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The Law of Conservation of Mass

The law of conservation of mass

In order to balance a chemical equation, it is important to understand the law of conservation of mass.

Definition: The law of conservation of mass

The mass of a closed system of substances will remain constant, regardless of the processes acting inside the system. Matter can change form, but cannot be created or destroyed.

For any chemical equation (in a closed system) the mass of the reactants must be equal to the mass of the products. In order to make sure that this is the case, the number of atoms of each element in the reactants must be equal to the number of atoms of those same elements in the products. An example is shown below:


Iron is a metal. When we represent it in a balanced chemical equation, we write only \(\text{Fe}\). Sulfur occurs as \(\text{S}_{8}\) but we write only the empirical formula: \(\text{S}\). We do this for all network structures. Writing formulae like this represents one unit of the compound or network structure.


\(\text{Fe} + \text{S} \rightarrow \text{FeS}\)

Mass of one atom of \(\text{Fe}\) is \(\text{55.8}\)

Mass of one atom of \(\text{S}\) is \(\text{32.1}\)

Mass of one atom of \(\text{FeS}\) is \(\text{87.9}\)

Mass of reactants is \(\text{87.9}\)

Mass of products is \(\text{87.9}\)

To calculate the mass of the molecules we use the relative atomic masses for iron and sulfur, as seen in the table above. You will notice that the mass of the reactants equals the mass of the product. A chemical equation that is balanced will always reflect the law of conservation of mass and the law of conservation of atoms.

Optional Activity: Balancing chemical equations


You will need: coloured balls (or marbles), prestik, a sheet of paper and coloured pens.

We will try to balance the following equation:

\[\text{Al} + \text{O}_{2} \rightarrow \text{Al}_{2}\text{O}_{3}\]

Take one ball of one colour. This represents a molecule of \(\text{Al}\). Take two balls of another colour and stick them together. This represents a molecule of \(\text{O}_{2}\). Place these molecules on your left. Now take two balls of the first colour and three balls of the second colour to form \(\text{Al}_{2}\text{O}_{3}\). Place this compound on your right. On a piece of paper draw coloured circles to represent the balls. Draw a line down the centre of the paper to represent the molecules on the left and on the right.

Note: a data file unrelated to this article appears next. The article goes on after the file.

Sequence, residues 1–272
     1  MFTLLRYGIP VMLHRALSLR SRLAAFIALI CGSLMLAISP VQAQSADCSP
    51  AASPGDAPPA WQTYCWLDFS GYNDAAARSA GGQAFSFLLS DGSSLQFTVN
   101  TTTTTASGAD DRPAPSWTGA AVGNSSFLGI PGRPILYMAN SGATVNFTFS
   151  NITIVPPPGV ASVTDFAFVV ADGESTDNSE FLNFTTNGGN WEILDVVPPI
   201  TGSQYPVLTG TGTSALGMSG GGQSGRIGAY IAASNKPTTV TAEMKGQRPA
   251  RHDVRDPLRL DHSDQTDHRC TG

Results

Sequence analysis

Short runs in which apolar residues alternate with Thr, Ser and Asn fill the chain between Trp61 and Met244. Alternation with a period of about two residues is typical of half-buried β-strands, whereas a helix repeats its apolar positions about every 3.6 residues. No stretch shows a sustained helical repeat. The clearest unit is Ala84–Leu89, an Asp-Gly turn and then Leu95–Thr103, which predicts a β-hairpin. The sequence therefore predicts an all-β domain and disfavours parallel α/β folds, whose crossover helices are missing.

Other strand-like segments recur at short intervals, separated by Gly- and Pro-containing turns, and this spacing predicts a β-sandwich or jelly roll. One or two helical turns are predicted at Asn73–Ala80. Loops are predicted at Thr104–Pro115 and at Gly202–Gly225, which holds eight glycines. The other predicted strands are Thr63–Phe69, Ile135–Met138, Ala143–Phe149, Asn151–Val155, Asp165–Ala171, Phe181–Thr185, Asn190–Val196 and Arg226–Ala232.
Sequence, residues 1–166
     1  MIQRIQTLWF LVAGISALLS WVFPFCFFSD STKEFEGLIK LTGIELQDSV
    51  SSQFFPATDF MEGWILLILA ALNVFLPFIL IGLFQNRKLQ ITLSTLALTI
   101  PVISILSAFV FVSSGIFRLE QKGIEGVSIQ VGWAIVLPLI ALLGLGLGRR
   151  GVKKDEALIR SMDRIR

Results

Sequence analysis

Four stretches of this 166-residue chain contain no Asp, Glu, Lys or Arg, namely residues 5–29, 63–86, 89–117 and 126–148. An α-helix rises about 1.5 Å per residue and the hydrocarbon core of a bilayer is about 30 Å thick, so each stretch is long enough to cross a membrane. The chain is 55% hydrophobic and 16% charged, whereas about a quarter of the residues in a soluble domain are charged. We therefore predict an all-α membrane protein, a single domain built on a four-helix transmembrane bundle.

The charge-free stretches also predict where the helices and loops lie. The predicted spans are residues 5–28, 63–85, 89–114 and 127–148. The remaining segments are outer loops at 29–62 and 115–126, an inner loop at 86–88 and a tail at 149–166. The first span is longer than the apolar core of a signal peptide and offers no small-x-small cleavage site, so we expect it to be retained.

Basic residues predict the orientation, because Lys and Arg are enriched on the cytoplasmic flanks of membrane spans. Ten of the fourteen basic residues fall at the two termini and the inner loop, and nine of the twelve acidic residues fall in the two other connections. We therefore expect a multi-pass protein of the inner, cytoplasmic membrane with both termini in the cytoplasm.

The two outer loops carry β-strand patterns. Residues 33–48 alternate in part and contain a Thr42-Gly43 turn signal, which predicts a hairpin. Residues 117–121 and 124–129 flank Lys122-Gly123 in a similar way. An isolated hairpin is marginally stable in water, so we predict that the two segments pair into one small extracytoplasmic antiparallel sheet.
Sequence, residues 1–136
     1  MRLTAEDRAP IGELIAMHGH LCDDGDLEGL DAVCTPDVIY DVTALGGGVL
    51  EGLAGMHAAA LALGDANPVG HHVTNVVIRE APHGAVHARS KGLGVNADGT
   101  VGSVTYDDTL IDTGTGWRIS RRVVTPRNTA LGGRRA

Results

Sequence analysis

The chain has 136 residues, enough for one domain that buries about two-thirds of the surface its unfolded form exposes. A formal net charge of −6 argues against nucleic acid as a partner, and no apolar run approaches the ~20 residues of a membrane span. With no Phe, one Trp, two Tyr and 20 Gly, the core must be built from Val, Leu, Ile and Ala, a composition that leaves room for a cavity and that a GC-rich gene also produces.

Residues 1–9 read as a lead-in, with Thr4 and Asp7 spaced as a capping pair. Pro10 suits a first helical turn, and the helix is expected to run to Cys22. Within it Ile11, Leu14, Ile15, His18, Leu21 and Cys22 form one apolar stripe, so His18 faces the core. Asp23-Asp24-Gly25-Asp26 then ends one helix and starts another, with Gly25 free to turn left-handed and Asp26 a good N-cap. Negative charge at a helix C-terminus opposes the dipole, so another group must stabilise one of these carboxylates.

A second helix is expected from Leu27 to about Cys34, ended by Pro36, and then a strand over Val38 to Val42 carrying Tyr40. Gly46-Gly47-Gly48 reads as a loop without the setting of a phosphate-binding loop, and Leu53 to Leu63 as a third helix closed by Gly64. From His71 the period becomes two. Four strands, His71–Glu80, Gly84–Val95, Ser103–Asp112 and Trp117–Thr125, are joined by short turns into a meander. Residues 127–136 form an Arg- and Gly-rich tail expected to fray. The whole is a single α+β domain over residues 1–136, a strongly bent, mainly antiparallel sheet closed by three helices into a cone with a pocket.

Count the number of balls on the left and the number on the right. Do you have the same number of each colour on both sides? If not, the equation is not balanced. How many balls of each colour will you have to add to each side to make the number of balls the same? How would you add these balls?

You should find that you need four balls of the first colour for \(\text{Al}\) and three pairs of balls of the second colour (i.e. six balls in total) for \()_{2}\) on the left side. On the right side you should find that you need \(\text{2}\) clusters of balls for \(\text{Al}_{2}\text{O}_{3}\). We say that the balanced equation is:

\[4\text{Al} + 3\text{O}_{2} \rightarrow 2\text{Al}_{2}\text{O}_{3}\]


Use jelly tots and toothpicks to build the following chemical equation. Make sure that your atoms are balanced. Use the same colour jelly tots for the same atoms.

\[\text{C} + \text{H}_{2}\text{O} \rightarrow \text{CO}_{2} + \text{CO} + \text{H}_{2}\]

Add compounds until the atoms are balanced. Write the equation down and use a coefficient to indicate how many compounds you used. For example if you had to use three water molecules then write \(3\text{H}_{2}\text{O}\)


Use ball and stick drawings to balance the atoms in the following reaction:

\[\text{NH}_{3} + \text{O}_{2} \rightarrow \text{NO} + \text{H}_{2}\text{O}\]

Use your drawings to write a balanced chemical equation for the reaction.


Lead \((\text{Pb})\), lead (IV) oxide \((\text{PbO}_{2})\) and sulfuric acid \((\text{H}_{2}\text{SO}_{4})\) are used in car batteries. The following reaction takes place: \(\text{Pb} + \text{PbO}_{2} + \text{H}_{2}\text{SO}_{4} \rightarrow \text{PbSO}_{4} + \text{H}_{2}\text{O}\)

Cut out circles from four different colours of paper to represent each of the atoms. Build a few of the compounds (\(\text{Pb}\), \(\text{PbO}_{2}\), \(\text{H}_{2}\text{SO}_{4}\)). These are the reactants. Do not build the products. Rearrange the atoms so that the products are formed. Add more reactants if needed to balance the atoms (e.g. you will need two \(\text{H}_{2}\text{SO}_{4}\) molecules). Use what you have learnt to write a balanced equation for the reaction.

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